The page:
146
sudo apt-get update
E: The method driver /usr/lib/apt/methods/https could not be found.
michael@Ubuntu:~$ sudo apt-get clean
michael@Ubuntu:~$ cd /var/lib/apt
michael@Ubuntu:/var/lib/apt$ sudo mv lists lists.old
michael@Ubuntu:/var/lib/apt$ sudo mkdir -p lists/partial
michael@Ubuntu:/var/lib/apt$ sudo apt-get clean
michael@Ubuntu:/var/lib/apt$ sudo apt-get update
E: The method driver /usr/lib/apt/methods/https could not be found.
E: Could not get lock /var/lib/dpkg/lock - open (11: Resource temporarily unavailable)
E: Unable to lock the administration directory (/var/lib/dpkg/), is another process using it?
michael@Ubuntu:/var/lib/apt$ sudo apt-get update
E: The method driver /usr/lib/apt/methods/https could not be found.

Why am I getting these errors when doing an apt-get update?

  • 1
    Please edit your question and the add the content of /etc/apt/sources.list file – jokerdino Feb 15 '12 at 13:49
234

Try:

sudo apt-get install apt-transport-https
  • 4
    If you are unable to find this package in the repository: "Package 'apt-transport-https' has no installation candidate'" then see the answer below from @NateC-K – Todd Smith Mar 12 '17 at 15:34
  • 5
    This worked for me. We need dependency managers for our dependency managers. Paging @xzibit – Ezekiel Victor Apr 10 '17 at 21:54
64

I encountered this problem as well. I was unable to fix it by installing apt-transport-https, because it had been quite a while since I'd done any package updates on the machine in question, and the version of that package that I needed was no longer available in the package repository. (To get an available version, I first had to be able to apt-get update successfully.) Thus, I was forced to track down the reason why apt-get was suddenly trying to use HTTPS, and stop it from doing that.

In my case, it turns out that one of the third-party apt sources that was listed in a config file in my /etc/apt/sources.list.d directory had switched to using HTTPS for all downloads, and they had begun redirecting the http:// URL to an https:// URL. This was making apt attempt to use HTTPS even though none of my source configurations requested it. (I discovered this by opening the source repository URL in my web browser, and noticing that the URL in the address bar changed to https:// when the page loaded.)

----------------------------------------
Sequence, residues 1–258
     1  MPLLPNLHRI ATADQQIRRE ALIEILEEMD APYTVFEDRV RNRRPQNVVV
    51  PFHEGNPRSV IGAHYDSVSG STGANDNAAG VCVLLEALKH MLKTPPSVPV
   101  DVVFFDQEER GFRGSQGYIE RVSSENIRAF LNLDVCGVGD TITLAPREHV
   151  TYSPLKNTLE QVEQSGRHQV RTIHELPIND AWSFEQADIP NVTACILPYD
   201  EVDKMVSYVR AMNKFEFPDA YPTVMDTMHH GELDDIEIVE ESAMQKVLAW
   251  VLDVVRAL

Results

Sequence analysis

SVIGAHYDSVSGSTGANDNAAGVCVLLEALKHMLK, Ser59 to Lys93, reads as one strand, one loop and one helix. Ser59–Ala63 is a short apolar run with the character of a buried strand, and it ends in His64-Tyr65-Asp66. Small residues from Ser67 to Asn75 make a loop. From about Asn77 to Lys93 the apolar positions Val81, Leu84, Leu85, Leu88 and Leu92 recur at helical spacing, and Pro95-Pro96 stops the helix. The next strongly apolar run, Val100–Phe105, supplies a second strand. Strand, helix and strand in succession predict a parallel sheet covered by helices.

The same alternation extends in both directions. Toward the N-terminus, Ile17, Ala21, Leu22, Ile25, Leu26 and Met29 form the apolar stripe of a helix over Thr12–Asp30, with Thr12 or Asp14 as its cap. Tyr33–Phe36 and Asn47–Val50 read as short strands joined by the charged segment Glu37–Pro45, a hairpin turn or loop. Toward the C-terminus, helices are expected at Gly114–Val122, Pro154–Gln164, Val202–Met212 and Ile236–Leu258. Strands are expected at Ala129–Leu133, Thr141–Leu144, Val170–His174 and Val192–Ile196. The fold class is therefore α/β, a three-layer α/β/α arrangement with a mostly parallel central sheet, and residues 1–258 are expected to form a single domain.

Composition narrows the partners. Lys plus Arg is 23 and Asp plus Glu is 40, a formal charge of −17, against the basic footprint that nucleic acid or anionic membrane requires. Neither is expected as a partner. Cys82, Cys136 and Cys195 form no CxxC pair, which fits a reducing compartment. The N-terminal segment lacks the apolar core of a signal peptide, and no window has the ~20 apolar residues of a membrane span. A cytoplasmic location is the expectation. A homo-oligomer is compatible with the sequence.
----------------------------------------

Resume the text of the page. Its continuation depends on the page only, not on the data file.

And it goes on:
Since this was a third-party repository and thus non-essential, I simply disabled that source temporarily, then reran apt-get update and it worked with no problem. After apt-get update, apt-get upgrade and apt-get install apt-transport-https, I was able to re-enable that third-party apt source, and from there on everything worked.

  • 2
    Thank you for specifying sources.list.d/. It's been a while since I've worked with Ubuntu's various apt-related files, and that's what I needed to fix this issue. – Lyle Brown Jul 13 '15 at 6:33
  • 3
    I'm glad this helped someone! I spent a long time tracking this problem down, so I was eager to share my findings. – Nate C-K Jul 20 '15 at 22:55
  • Thanks! I'm going to say that installing the Crystal lang did this exact thing, just incase someone googles it. – Sam Eaton Dec 28 '16 at 1:36
6

Check the files in this directory: /etc/apt/sources.list.d

One of the files addressed a repository starting with HTTPS. Comment that line by adding # in the beginning and try: apt-get update

  • @Zanna: OP receives an error message "The method driver /usr/lib/apt/methods/https could not be found." mnorouzi's suggestion would help with that even though it may be better to install the HTTPS handler. – David Foerster Mar 8 '17 at 9:06

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